Link Between Money Woes, Domestic Abuse Tough to Untangle
Researchers trying to determine if financial troubles lead to violence
FRIDAY, April 29, 2016 (HealthDay News) -- Money problems and domestic violence appear to be linked, but it's not clear whether one leads to the other, researchers report.
"What we don't know yet is whether financial stress makes a violent couple more violent, or is financial stress enough of a disruption in a relationship that violence begins? Both are plausible," said study corresponding author Corinne Peek-Asa. She is the director of the Injury Prevention Research Center at the University of Iowa.
Peek-Asa and her colleagues analyzed data collected from nearly 11,500 Americans, aged 24 to 32, in 2008 -- the middle of the Great Recession. They then examined the association between financial issues and three levels of domestic violence: making threats/minor physical abuse; severe physical abuse; and physical abuse causing injury.
More women (about 28 percent) than men (almost 23 percent) reported money problems in the prior 12 months, the study found. And more women than men said they were unable to pay for utilities or housing; concerned about being unable to afford food; and worried about having utilities shut off or being evicted.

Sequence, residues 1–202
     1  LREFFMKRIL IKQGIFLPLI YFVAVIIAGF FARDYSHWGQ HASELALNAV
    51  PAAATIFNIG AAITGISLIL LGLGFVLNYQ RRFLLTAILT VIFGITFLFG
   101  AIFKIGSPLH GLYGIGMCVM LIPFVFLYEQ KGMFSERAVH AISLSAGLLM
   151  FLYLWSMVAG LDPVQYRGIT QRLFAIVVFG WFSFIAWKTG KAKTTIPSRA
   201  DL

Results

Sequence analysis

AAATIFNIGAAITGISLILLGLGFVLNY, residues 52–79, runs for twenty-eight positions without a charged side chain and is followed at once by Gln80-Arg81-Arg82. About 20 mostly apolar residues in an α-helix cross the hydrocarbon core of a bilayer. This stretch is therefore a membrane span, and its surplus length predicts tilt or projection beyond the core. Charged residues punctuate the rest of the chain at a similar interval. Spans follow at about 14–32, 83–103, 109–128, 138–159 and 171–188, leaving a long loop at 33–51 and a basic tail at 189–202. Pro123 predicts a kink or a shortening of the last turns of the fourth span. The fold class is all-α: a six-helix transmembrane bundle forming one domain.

Women were also more likely to say they had resorted to threats and minor abuse, and more than twice as likely to have perpetrated severe physical abuse (11 percent versus 7 percent). But men were more likely than women to have committed physical abuse causing injury (32 percent versus 21 percent), the researchers reported.
Among all the study participants, about nine out of 10 women and men said they hadn't committed any form of domestic violence to their partner in the previous year.
While the findings are helpful, they aren't conclusive enough to develop ways of helping, said study author Laura Schwab-Reese, who earned her Ph.D. from the university's College of Public Health.
"So, we know violence happened in the last year, and we know that financial stressors happened in the last year," Schwab-Reese said in a university news release. "But what we haven't been able to tease apart with this data is whether the financial stressor happened immediately before a violent episode, or did it exacerbate an already violent relationship? That is a really important point in terms of developing interventions."
Identifying the central issue is crucial for providing effective help, Peek-Asa agreed.
"When we are developing interventions, do we need to focus on reducing the event, such as reducing the financial stressor, or do we need to help people manage the stress that happens as a result of the financial stressor?" she said.
The study was published online recently in the journal Injury Epidemiology.
The U.S. Department of Justice has more on domestic violence.